• ‘Half of the men crept ahead, cut the horses loose, and threw snowballs to spook them toward the others.’
      • ‘A large raft of players were cut loose in that aftermath due to budget concerns and he has been busy beefing up the squad ever since.’
      • ‘Once the team gets a few miles up the trail, the ballast sled is cut loose.’
  • cut one's losses

    • Abandon an enterprise or course of action that is clearly going to be unprofitable or unsuccessful before one suffers more loss or harm.

      ‘an inner voice was urging her to cut her losses and go back to England’
      • ‘But as the race draws to a close the campaigns are cutting their losses in areas they think they cannot win and concentrating their resources in those where they have more chance.’
      • ‘As for troop withdrawal, there is a distinction between cutting your losses and delegating military power to local troops.’
      • ‘Still, if the space station is in such bad shape - much costlier than planned, much later than planned, much smaller than planned - why shouldn't we just cut our losses and abandon it now?’
      • ‘You will put 1 and 2 together, and decide to cut your losses and drop out now while the getting is good and the fall TV season is still relatively new.’
      • ‘This doesn't mean we get to go on a killing spree, but it's time we realize cutting our losses might be the wisest move.’
      • ‘You wonder if after 3 days you should cut your losses.’
      • ‘They simply cannot learn to cut their losses, abandon issues they can't win, and get on with it.’
      • ‘Now my parents have had their share of stormy weather and I know that at times they have both wanted to abandon ship, cut their losses and move on but they stuck with it as they promised each other they would do the day they married.’
      • ‘He may have been better off giving up and cutting his losses.’
      • ‘It is the perennial decision facing drivers stuck in a traffic jam: stay on the road and hope that whatever is causing the tailback clears itself, or cut your losses and take the next exit.’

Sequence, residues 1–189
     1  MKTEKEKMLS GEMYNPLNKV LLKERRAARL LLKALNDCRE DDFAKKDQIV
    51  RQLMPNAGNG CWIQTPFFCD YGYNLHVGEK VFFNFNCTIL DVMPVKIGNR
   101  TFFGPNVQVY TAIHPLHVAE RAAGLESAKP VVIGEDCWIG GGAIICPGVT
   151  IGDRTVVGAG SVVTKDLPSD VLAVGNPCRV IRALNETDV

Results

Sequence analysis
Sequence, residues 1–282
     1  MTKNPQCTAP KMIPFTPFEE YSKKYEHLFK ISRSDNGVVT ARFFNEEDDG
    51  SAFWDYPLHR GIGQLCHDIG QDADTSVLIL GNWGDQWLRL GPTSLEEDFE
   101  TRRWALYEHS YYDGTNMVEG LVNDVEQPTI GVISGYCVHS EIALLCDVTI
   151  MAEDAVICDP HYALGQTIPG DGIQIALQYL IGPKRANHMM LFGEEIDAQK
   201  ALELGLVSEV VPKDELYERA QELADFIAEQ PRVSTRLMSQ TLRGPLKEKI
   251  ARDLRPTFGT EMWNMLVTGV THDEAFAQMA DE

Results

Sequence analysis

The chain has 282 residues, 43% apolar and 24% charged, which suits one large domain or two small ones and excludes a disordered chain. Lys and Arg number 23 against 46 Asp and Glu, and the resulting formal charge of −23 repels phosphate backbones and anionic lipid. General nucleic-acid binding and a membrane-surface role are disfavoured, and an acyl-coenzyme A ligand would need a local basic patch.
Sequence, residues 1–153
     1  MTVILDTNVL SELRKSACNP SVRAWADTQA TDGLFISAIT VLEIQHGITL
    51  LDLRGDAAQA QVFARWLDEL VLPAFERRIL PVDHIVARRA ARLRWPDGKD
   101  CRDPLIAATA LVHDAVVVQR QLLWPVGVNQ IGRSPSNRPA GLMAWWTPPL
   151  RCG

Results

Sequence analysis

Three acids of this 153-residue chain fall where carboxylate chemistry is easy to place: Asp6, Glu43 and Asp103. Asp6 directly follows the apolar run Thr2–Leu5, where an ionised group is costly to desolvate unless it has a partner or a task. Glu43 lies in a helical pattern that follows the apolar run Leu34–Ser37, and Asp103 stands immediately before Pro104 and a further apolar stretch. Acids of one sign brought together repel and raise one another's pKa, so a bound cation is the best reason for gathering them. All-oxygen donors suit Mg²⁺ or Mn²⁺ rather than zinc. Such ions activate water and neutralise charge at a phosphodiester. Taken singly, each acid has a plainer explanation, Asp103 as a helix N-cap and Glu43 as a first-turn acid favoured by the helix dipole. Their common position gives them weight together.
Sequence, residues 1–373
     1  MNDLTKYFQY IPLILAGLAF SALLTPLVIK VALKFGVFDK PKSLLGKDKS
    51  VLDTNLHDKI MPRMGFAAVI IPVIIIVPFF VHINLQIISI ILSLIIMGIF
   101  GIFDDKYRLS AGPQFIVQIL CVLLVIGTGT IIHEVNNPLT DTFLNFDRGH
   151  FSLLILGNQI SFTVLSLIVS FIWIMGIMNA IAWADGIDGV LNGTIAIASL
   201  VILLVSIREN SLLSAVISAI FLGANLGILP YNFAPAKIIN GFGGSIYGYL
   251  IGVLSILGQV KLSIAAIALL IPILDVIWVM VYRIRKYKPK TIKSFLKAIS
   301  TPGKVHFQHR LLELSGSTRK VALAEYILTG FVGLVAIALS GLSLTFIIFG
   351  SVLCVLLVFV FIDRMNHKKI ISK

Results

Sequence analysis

• cut the mustard

    • informal Come up to expectations; reach the required standard.

      ‘I didn't cut the mustard as a hockey player’
      • ‘Since the song has cut the mustard with listeners in Europe and Latin America, the sisters hope the United States will relish it, too.’
      • ‘Ponder for a moment the choice confronting Hopkins - the challenge which confronts every successful small town boy wondering if he can cut the mustard in the big arena.’
      • ‘It seems pastel-coloured headlines about the perfect cheesecake no longer cut the mustard, and that ‘homemakers’ are better catered to by other publications.’
      • ‘Although she believes its cutting the mustard with fewer and fewer in a media that increasingly feels it's been fed one too many ‘historic’ lines by the party.’
      • ‘The spaghetti carbonara with quail's eggs doesn't cut the mustard either, as it's missing the necessary pepper.’
      • ‘Please allow us some period of adjustment and development, and then, if we are not cutting the mustard, fine, you can dole out pelters.’
      • ‘Banks's main contenders don't cut the mustard.’
      • ‘The ten cent words you've crammed into the slightly tightened blurb, the idea being that they would make you appear genteel and smart, don't cut the mustard.’
      • ‘Somehow, though, this doesn't seem to cut the mustard.’
      • ‘Domestic ovens just don't cut the mustard (no pun intended).’
      comply with, meet, fulfil, answer, conform to
      View synonyms
  • cut no ice

    • informal Have no influence or effect.